Some months ago I asked my friend Bud (not to be confused with my friend Budd if he had read David Foster Wallace’s “Infinite Jest.” He said he had not, and if any of his friends had, he expected it to be me. I, in fact, had tried once and failed early. Now I decided to live up to the burden of my reputation.
My goal was 10 pp./day, which would have taken me 107.9 days, including 96 pp. of footnotes, some with their own multi-page footnotes. But I could not hold that pace. The type was small (and the footnotes smaller); my eyes tired. The content was thorny; my brain ducked and dodged.
About p. 200,I turned to Wikipedia for a summary of the plot(s). Once I knew what was going on, I relaxed and enjoyed myself. I don’t think I was cheating. It situated e more than it revealed secrets. Besides this is a book that deserves multiple readings, not that I expect to do that. On the other hand, I don’t know what novel with which to follow it.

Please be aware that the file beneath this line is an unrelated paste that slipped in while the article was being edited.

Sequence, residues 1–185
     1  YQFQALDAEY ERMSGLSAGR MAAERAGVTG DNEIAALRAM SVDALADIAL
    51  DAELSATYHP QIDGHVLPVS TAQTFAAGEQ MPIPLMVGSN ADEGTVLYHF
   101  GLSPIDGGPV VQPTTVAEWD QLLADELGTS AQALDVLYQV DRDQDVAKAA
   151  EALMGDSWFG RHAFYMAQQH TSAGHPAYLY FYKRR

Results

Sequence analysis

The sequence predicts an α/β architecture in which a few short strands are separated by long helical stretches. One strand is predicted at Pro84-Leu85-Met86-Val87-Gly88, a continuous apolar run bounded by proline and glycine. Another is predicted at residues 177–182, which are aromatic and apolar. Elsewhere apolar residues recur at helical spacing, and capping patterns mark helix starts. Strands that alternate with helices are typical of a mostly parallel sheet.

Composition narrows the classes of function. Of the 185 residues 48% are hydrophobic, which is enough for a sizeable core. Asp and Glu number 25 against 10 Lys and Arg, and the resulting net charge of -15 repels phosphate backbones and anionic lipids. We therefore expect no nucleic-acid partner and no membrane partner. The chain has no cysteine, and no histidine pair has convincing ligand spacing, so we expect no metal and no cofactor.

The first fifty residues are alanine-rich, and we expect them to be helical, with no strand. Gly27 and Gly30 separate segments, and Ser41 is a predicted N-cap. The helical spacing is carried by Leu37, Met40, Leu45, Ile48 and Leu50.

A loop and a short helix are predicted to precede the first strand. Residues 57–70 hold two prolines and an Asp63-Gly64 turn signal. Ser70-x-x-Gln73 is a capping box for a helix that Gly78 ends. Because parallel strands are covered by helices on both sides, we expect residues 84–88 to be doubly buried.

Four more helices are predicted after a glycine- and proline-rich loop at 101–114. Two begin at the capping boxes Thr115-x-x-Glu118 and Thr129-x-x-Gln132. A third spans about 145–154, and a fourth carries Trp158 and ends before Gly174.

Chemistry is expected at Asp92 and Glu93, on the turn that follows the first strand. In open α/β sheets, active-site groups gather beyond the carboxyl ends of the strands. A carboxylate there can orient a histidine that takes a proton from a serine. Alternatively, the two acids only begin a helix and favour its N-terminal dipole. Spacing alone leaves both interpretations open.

There are, I would say, three story lines running toward but never quite connecting with each other. (Wallace says they do, only not between the covers of the book.) One involves a tennis academy, one a nearby addiction treatment center, and one a terrorist group of legless assassins. The time is a not-too-distant future, when naming rights to years, like bowl games, have been acquired by corporate sponsors and much of the northeast US has been turned into a toxic waste dump in which mutant creatures proliferate.
It is a hoot. The book is very funny and very smart. Wallace employs an amazing mind. His interests and areas of knowledge are vast. No moment, no skein of light or sound, escapes his senses. And despite his interest in minutiae, he delivers some heavy shit. There is, for instance, the reflection from a character in hideous pain that since he can bear if for this second, he can bear it for the next second, and then, second by second, he can endure.
Keep that in mind and inauguration day approaches.